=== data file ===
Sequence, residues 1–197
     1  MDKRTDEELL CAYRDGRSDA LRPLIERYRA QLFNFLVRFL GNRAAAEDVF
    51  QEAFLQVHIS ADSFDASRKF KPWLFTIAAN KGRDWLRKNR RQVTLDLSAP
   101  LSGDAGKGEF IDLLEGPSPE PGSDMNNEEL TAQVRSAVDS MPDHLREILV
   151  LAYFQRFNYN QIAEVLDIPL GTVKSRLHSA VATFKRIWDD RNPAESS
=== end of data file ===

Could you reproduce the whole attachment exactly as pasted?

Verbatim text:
Sequence, residues 1–197
     1  MDKRTDEELL CAYRDGRSDA LRPLIERYRA QLFNFLVRFL GNRAAAEDVF
    51  QEAFLQVHIS ADSFDASRKF KPWLFTIAAN KGRDWLRKNR RQVTLDLSAP
   101  LSGDAGKGEF IDLLEGPSPE PGSDMNNEEL TAQVRSAVDS MPDHLREILV
   151  LAYFQRFNYN QIAEVLDIPL GTVKSRLHSA VATFKRIWDD RNPAESS